A hospital CEO in rural New Hampshire told me last month that his service pricing was not a factor when the only player in the Granite State's public exchange decided to leave his facility out of its provider network. With costs outstripping revenue by 40 percent, he said any income from commercially insured patients is better than no income, adding the hospital would have accepted almost any offer to participate in the public exchange.
CMS Steps into the Fray
With the battleground set, CMS threw down the gauntlet last week and released proposed guidelines for the public exchanges for 2015.
"CMS is working to strengthen the network adequacy requirements that took effect for this year for the first time under the Affordable Care Act," a CMS spokesperson told me last week. "These are important provisions and include requirements that insurers have adequate provider networks for consumers, including access to essential community providers that serve low-income, medically underserved individuals."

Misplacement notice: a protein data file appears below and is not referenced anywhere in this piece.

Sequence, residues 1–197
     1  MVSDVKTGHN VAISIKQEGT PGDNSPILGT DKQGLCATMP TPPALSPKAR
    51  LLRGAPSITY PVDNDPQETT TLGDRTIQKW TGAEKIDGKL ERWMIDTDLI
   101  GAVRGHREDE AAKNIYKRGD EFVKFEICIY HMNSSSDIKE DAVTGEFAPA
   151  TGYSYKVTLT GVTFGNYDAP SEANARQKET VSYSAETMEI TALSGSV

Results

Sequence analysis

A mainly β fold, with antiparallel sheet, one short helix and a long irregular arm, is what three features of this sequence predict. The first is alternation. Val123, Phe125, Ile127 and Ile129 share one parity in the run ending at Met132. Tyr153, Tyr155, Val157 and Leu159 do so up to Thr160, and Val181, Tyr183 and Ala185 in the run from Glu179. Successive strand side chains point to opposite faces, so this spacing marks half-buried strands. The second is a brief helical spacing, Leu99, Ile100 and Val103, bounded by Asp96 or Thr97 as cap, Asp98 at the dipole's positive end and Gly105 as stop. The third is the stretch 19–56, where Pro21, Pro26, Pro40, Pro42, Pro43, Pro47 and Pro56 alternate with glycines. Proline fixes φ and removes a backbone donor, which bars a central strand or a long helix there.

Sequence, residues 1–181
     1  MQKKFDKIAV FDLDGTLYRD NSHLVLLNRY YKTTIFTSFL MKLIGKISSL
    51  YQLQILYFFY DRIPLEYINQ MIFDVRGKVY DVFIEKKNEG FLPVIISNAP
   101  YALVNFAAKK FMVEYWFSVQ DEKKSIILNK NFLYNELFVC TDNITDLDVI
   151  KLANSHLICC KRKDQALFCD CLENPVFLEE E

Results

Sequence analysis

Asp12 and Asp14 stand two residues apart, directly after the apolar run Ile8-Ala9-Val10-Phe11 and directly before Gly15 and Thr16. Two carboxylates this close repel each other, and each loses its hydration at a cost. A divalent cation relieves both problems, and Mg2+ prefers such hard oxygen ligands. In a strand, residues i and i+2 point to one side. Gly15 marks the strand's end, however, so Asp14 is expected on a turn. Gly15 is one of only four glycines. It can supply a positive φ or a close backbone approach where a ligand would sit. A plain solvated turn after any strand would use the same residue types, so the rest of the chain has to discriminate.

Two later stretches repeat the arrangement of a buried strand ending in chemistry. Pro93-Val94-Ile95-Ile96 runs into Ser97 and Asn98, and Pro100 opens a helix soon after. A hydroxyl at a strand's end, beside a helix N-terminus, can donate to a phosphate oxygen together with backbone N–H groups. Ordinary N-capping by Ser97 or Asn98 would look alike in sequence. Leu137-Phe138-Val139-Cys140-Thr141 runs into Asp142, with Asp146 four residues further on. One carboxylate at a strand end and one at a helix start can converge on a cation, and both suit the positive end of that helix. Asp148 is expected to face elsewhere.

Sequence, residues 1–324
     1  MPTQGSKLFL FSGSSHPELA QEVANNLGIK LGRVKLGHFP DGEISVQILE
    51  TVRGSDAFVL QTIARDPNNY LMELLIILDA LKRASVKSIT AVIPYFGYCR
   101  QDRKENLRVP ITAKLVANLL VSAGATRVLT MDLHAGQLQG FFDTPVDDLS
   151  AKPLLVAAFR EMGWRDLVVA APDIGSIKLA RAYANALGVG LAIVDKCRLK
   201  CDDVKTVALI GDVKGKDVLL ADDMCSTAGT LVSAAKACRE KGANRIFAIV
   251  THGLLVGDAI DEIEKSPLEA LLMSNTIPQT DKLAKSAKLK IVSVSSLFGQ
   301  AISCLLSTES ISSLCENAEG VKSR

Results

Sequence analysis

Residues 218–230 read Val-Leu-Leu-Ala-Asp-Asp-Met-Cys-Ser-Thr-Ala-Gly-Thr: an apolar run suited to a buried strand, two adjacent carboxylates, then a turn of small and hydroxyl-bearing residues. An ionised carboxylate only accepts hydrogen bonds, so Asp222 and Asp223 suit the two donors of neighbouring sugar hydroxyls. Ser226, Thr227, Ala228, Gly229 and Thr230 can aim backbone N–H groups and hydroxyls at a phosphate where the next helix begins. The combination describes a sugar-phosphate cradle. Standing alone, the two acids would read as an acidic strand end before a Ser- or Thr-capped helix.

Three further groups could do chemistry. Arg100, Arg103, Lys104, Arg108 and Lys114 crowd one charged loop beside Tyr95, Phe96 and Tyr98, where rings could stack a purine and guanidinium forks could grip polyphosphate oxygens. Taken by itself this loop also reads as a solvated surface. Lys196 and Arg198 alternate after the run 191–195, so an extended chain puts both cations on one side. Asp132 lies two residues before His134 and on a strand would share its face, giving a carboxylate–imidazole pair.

In the struggle ahead, insurers will face a formidable adversary in the physician community, which is showing growing determination to fight over crucial points in the healthcare reform debate.
"Healthcare delivery has changed to a business," Ferguson told me. "We need to get back to being a profession."